Daniel Share-Strom is an autistic advocate, writer, speaker, and social worker who has been working to improve understanding of autism in our communities since he was a young teen. His speaking and teaching events have reached a vast and varied audience. Highlights of Daniel’s achievements include a keynote address at the CDC, a TEDx Talk, the opening address at the 2018 Toronto Geneva Autism Symposium, and experiencing capacity crowds in co-facilitating his popular “What Doctors Don’t Tell You and Teachers Don’t Know” workshop. He recently published a children’s book called Do You Want to Play? Making friends with an autistic kid to show non-autistic children how they can change their own behavior in order to make friends with an autistic peer.
Maxine Share is an autistic advocate, writer, workshop developer, and keynote speaker who is committed to increasing respect for and understanding of autistic people and autism culture. To that end, she creates and delivers workshops and speeches, and with her son, Daniel Share-Strom, runs the popular Facebook group, Autism Goggles. The articles she writes are often published in Yahoo News and are meant to move readers toward an informed and positive understanding of what it can mean to be autistic. She has consulted with CAMH on their Autism and Mindfulness project, and with York University on an autism-focused mental health project. She works for a non-profit as an autism consultant.
Rebekah Kintzinger is a mentor for autistic members of her community in Kelowna, BC, working with those who have specific needs or goals, and range from child to adult. She also works with different organizations in Canada on projects that are autism-focused as much as she can. As well as being on the board of directors for the Canadian Autism Spectrum Disorder Alliance, Rebekah is also an Okanagan Advisor for the Pacific Family Autism Network's Voices of Autism program.
She also offers her time as a volunteer with a community Christmas hamper program to keep her busy. Rebekah once helped to organize a rally for teachers, and her speech at the rally was posted on YouTube in addition to being in a Vancouver Sun article.
Rebekah continues to be passionate about the needs of others and is very focused on the positive outcomes of a National Autism Strategy. She raises awareness in her community and through social media with her published writings and radio pieces from her own experiences being autistic.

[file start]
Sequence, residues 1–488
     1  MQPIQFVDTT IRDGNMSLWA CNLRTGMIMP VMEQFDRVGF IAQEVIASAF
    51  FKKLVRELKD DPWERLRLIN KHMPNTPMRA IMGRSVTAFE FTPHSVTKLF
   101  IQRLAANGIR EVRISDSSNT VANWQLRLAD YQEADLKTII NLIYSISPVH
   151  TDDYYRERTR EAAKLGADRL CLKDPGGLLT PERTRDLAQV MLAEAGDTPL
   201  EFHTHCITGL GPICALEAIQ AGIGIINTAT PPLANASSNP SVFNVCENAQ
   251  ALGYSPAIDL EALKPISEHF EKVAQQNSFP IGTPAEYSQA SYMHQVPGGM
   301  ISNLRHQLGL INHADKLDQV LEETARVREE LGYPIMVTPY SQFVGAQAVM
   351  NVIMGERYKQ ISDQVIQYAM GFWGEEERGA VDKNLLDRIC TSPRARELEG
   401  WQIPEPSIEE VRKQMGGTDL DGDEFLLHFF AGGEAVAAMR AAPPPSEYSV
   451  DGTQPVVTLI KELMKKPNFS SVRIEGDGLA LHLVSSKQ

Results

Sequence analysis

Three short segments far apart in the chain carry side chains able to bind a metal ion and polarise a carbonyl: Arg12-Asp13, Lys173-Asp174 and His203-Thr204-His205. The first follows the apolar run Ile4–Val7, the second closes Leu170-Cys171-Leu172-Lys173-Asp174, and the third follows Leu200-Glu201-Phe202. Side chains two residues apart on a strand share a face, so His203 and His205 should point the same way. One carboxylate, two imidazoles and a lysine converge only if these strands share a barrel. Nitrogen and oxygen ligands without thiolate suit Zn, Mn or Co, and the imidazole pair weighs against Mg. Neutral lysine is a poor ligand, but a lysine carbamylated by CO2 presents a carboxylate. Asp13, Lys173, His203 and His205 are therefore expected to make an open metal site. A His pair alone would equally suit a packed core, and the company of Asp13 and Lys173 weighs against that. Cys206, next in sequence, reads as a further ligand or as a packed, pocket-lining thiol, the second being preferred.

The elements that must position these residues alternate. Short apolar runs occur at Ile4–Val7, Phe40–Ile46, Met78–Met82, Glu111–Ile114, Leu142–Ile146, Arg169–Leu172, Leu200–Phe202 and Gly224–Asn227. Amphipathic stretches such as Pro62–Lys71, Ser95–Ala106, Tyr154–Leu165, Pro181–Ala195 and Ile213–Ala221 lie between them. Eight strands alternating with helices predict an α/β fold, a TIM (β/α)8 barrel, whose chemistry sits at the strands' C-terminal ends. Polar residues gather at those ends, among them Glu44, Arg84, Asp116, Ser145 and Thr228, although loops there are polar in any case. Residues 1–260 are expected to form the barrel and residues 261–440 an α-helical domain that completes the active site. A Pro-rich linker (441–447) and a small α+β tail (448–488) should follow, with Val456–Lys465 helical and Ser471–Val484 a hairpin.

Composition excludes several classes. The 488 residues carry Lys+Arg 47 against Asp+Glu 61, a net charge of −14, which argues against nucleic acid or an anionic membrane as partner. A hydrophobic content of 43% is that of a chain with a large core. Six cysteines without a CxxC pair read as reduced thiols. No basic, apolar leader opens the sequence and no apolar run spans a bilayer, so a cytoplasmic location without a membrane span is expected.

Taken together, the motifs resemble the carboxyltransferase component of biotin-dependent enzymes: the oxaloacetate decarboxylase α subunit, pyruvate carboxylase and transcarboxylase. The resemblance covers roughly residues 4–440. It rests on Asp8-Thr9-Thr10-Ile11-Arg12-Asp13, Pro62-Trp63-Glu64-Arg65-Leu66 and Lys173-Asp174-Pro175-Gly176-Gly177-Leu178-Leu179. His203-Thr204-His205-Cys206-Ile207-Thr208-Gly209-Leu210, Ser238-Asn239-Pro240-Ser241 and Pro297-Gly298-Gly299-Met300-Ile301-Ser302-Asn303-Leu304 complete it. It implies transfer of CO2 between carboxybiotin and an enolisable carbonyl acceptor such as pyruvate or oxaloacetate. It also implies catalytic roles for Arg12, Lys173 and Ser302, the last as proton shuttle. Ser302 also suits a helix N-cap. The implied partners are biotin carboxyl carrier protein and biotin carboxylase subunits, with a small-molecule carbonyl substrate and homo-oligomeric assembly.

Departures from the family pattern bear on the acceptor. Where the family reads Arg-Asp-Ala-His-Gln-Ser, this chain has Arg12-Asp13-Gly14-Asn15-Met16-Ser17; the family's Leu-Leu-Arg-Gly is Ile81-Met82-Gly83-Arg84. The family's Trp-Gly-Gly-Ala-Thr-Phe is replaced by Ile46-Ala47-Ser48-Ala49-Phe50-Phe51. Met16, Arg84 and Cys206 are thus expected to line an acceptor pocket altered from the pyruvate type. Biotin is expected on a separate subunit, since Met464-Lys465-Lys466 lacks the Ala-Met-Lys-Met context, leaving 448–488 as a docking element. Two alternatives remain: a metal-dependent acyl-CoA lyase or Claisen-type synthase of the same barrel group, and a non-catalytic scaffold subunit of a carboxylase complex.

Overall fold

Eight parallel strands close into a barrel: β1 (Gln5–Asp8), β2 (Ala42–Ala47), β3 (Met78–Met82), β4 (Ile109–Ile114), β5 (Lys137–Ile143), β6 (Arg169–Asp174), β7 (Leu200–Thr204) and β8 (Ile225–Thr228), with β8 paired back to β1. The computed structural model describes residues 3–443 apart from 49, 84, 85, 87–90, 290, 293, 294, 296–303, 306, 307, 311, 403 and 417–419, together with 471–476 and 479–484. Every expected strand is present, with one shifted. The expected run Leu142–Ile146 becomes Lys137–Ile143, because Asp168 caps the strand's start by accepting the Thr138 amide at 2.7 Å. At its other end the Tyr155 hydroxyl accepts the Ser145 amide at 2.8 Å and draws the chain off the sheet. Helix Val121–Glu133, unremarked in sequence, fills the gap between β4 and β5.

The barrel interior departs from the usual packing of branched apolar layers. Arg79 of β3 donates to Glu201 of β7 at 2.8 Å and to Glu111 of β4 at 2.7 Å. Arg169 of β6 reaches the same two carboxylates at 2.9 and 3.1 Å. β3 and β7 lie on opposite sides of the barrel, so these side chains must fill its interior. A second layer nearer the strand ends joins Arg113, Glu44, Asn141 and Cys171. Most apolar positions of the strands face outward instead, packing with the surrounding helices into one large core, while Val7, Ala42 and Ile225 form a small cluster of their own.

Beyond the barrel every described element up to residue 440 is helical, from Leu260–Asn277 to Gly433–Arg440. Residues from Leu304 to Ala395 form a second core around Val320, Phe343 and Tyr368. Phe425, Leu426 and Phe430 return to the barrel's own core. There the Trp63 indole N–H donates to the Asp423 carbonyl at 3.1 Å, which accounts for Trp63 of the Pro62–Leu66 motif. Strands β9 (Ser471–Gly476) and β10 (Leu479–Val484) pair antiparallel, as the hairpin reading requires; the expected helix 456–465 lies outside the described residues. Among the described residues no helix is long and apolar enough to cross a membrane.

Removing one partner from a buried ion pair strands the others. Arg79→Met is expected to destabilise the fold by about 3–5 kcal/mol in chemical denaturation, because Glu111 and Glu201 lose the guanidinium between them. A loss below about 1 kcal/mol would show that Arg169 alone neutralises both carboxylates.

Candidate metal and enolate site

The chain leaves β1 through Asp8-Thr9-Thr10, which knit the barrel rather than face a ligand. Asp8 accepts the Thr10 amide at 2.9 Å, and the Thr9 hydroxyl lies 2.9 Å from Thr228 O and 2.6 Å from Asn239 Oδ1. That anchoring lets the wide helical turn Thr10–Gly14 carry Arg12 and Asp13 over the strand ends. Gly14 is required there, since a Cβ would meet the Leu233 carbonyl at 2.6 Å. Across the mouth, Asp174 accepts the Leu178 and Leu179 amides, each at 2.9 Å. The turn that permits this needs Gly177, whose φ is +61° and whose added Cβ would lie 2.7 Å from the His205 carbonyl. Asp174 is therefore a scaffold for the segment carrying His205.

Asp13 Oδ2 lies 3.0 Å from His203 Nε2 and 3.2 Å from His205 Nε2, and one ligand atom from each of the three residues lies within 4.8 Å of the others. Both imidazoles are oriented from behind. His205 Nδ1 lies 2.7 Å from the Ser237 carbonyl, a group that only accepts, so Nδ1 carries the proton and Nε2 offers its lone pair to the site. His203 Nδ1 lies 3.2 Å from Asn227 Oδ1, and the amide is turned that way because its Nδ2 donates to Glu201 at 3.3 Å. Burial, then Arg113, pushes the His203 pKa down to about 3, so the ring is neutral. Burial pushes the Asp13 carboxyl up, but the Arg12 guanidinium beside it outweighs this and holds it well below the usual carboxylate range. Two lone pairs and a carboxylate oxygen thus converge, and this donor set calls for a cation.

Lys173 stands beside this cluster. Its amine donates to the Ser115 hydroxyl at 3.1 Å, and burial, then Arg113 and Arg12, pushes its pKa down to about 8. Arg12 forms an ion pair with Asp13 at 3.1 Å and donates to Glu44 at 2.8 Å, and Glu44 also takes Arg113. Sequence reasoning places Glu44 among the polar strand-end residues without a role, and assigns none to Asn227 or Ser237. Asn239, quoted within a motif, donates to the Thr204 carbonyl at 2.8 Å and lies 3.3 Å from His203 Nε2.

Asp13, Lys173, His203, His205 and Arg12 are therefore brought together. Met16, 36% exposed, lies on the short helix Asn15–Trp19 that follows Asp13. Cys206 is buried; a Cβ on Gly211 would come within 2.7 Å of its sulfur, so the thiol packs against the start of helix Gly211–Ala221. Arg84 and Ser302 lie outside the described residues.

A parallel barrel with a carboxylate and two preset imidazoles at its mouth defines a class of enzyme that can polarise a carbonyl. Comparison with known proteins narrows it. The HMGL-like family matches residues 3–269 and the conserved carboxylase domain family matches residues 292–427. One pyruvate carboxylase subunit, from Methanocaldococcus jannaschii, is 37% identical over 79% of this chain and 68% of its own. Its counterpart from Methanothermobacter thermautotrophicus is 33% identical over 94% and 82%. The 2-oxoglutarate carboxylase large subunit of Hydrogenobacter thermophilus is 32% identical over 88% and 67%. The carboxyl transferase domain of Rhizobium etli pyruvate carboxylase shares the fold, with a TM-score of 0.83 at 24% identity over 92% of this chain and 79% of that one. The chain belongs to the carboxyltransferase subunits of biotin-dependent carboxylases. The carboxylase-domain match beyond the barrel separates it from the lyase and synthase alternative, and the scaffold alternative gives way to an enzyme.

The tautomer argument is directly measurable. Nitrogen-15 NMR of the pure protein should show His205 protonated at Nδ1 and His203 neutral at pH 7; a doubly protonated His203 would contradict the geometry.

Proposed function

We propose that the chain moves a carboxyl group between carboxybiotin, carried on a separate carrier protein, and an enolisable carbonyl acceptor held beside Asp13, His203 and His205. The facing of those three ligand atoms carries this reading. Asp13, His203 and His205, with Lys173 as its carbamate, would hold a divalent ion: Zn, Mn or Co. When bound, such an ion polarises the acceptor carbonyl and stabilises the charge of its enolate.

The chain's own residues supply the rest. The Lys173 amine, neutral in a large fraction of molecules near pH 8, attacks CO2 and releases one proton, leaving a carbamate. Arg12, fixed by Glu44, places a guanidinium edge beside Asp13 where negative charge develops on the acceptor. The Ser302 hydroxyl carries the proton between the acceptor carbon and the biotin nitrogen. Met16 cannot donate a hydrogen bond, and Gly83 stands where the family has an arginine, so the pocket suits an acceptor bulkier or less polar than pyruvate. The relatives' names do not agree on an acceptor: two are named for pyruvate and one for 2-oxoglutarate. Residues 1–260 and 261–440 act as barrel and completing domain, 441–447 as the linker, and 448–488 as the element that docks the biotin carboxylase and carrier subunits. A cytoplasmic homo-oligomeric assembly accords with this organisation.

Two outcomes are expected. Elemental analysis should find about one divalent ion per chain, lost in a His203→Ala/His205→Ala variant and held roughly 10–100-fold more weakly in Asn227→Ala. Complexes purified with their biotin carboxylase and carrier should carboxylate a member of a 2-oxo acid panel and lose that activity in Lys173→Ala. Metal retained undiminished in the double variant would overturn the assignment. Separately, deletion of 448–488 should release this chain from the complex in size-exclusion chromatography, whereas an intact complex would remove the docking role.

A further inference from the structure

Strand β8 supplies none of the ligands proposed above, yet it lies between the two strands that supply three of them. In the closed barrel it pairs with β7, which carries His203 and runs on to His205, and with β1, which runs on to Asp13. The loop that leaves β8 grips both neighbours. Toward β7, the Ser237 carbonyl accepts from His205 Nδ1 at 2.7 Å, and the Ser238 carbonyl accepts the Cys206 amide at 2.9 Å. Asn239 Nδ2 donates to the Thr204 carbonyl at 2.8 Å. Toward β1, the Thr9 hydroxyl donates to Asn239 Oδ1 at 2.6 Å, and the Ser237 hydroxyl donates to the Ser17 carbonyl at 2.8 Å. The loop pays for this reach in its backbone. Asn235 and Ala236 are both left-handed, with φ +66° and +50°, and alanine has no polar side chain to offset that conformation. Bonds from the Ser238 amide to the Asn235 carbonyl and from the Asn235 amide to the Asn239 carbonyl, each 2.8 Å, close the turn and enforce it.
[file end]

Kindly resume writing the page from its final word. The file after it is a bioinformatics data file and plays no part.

Rebekah is very creative, and aside from loving to draw and write she also appreciates cooking for her two neurodivergent boys and acting out scenes from Monty Python with them.
Corey Walker is an autistic self-advocate from Prince George, BC. He was diagnosed with Asperger's in 2001, while in his early 20's, and since then he has made it his life's mission to empower autistics to live the best life possible, and to educate others about what makes autistics such wonderful, unique people with proper supports. Corey currently serves as the Project Lead for Sinneave Family Foundation on the “Success in the Workplace: Strategies from Autistic Employees” toolkit project. He also works for the Canucks Autism Network as the Hub and Spoke Coordinator, which is part of Project Relay, a Ready, Willing and Able project focused on developing innovative methods of supporting autistic and intellectually disabled job seekers and employees during COVID-19. Corey holds a BA in English and History from the University of Northern BC, and a Provincial Instructor Diploma from Vancouver Community College, and is available for hire as a dynamic public speaker.
Elsbeth is a self-advocate living in London Ontario. She was diagnosed Autistic at 14 and has a BA in Fine Art History and Anthropology as well as a certificate in Autism Behavioral Sciences. Currently Elsbeth serves on the Ontario Autism Coalition board. Elsbeth has been presenting and educating on Autism for 14 years.
Kayla has been a member of the Voices of Autism for over 2 years. Kayla brings positive energy to every interaction. Outside of the Voices of Autism, Kayla is quite involved in the community; she creates and delivers acting classes and workshops with Autism BC and the Canucks Autism Network. Kayla is also on the Canucks Autism Network Training Team and participated in the Pacific Autism Family Network police training videos and the UBC autism and employment training modules.
Other passions for Kayla include acting, writing, filming. Kayla works with small screen productions and got her first big-screen role in a short thriller that that premiered in VAFF shortly before the pandemic.
Kayla is a self-advocate that also provides support and advocacy for her brother. Kayla loves to LARP. Her sense of style is amazing, and she has such a warm heart. Kayla is dedicated to helping make life better for others with neurodiversities and bringing more inclusion into the arts.
Photo by Kate Kalvach on Unsplash